Pray for this courageous priest. Visit his blog and leave him some words of admiration and encouragement. Many of Fr. Jake's children have already done so.
11 October 2008
Pray for this courageous priest. Visit his blog and leave him some words of admiration and encouragement. Many of Fr. Jake's children have already done so.
I would like to offer my prayers and love to a blog friend and her beloved who will be married in San Diego.
"IT" (pronounced I. T. not "it") is a remarkable person. We met over at Fr. Jake's former blog. I was attracted to her as soon as I heard her story. She says she is still an atheist who found the Episcopal Church. I say she is just in denial about her conversion. :)
People such as "IT" make the Episcopal Church a beautiful patchwork quilt of people who love God. I'd rather have a church of people like IT, who question, rather than a church of people who promote hate.
You'll never guess what she and her beloved asked for a wedding present from each of their friends -- a donation to the No on 8 campaign. I did, and so should you.
On a related note I just stumbled upon a really cool blog, California Episcopalians for Equality. You really should go make a visit.
09 October 2008
The Rev. Dr. James B. Simons
St. Michael’s of the Valley Episcopal Church
P.O. Box 336 Ligonier, Pennsylvania 15658
Thank you for your letter of 8 October 2008, advising that you have appointed the Rev. Jeff Murph and Ms. Mary Roehrich to the Standing Committee, and that you are working together to lead the reorganization of the Episcopal Diocese of Pittsburgh. I give thanks for your efforts, and I pledge my support and that of this Office in this vital task.
As a first step, and in response to the specific request in your letter, I have asked the Rt. Rev. F. Clayton Matthews, Bishop for Pastoral Development, to meet with you and your colleagues on the Standing Committee to assist in obtaining appropriate episcopal assistance for the Diocese in the coming months.
I give thanks for the work that the Standing Committee has undertaken and look forward to learning of your progress as you move forward in this mission. You and the people of the Episcopal Diocese of Pittsburgh continue in my prayers and those of Episcopalians across this Church. I remain
Your servant in Christ,
Katharine Jefferts Schori
The clergy voted 121 to 33 and lay leaders voted 119 to 69 to split from the U.S. Church. Robert Duncan served as Bishop of the Pittsburgh Episcopal Diocese for 11 years before he was deposed last month by the Council of Bishops of the Episcopal Church USA. He now becomes the Episcopal Commissary from the Southern Cone to Pittsburgh. Bishop Duncan led the secession movement following the ordination of an openly gay bishop in New Hampshire.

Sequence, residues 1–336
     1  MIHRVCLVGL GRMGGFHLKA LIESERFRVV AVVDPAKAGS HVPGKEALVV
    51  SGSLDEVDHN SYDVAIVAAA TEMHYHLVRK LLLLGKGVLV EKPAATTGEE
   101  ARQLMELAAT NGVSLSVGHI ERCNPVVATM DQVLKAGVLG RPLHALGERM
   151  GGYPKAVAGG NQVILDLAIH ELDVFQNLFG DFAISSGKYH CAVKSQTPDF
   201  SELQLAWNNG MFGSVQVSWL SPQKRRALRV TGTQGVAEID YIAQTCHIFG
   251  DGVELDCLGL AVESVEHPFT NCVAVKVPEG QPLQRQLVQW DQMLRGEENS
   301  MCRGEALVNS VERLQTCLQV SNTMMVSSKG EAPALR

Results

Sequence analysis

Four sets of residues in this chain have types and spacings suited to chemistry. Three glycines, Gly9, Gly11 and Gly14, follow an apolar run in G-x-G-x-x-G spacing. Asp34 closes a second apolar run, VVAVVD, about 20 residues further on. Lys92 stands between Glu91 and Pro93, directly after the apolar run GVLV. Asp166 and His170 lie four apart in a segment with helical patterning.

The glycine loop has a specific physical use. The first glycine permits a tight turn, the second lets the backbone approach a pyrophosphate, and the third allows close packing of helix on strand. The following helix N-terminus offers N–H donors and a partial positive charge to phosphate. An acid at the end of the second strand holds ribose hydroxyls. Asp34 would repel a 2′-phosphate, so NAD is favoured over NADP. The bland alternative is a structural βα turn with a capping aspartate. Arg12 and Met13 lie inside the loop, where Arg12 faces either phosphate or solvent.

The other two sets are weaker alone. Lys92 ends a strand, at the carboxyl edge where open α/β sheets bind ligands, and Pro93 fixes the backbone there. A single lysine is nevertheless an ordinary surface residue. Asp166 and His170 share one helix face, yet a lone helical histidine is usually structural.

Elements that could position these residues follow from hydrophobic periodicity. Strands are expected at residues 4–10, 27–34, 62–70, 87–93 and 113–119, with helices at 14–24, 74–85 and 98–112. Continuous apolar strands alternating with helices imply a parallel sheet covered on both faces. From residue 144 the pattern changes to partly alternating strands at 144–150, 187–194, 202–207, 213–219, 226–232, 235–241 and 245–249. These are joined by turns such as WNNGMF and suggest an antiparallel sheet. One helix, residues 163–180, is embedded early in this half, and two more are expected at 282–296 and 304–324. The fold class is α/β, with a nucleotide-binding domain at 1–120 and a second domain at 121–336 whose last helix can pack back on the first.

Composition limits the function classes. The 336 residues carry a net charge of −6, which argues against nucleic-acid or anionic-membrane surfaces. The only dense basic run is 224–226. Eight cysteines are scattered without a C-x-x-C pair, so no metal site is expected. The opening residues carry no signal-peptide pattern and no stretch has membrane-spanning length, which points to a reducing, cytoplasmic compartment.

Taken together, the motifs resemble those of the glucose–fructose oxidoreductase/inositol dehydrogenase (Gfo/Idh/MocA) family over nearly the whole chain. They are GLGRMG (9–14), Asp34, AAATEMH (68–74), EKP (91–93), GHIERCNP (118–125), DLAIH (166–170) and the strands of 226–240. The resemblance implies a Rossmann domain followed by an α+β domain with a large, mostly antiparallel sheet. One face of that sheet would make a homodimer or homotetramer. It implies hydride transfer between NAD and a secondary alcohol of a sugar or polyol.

Following the vote to secede, at least 20 parishes voted to remain with the U.S. Church. Today the national leadership recognized a Standing Committee to serve as the ecclesiastical authority of the reorganized Pittsburgh Diocese in the absence of a bishop. The Reverend Doctor James Simons, rector of St Michael's of the Valley, chairs that committee. Reverend Doctor Simons told DUQ News that the first task is pastoral...reaching out to those parishes and members who are in pain because of the split.
Simons says that they will hold a reorganization convention December 13 at which an interim bishop will be chosen to serve for a year or two until a selection committee is formed and conducts the process for electing a new bishop. Reverend Simons says he believes that sometime in the future there will be reconciliation in the Pittsburgh Diocese.
Francis B. Sayre Jr., who as dean of Washington National Cathedral for 27 years oversaw much of its completion and used his pulpit to confront McCarthyism, racial tensions and the Vietnam War, died Oct. 3 at his home on Martha's Vineyard, Mass. He was 93 and had diabetes.
Sayre, whose grandfather was President Woodrow Wilson, was appointed to the cathedral in 1951 and quickly became a leading national voice of conscience. As the church's fifth dean, he also presided over daily operations and focused on finishing the massive Gothic structure whose cornerstone had been placed in 1907.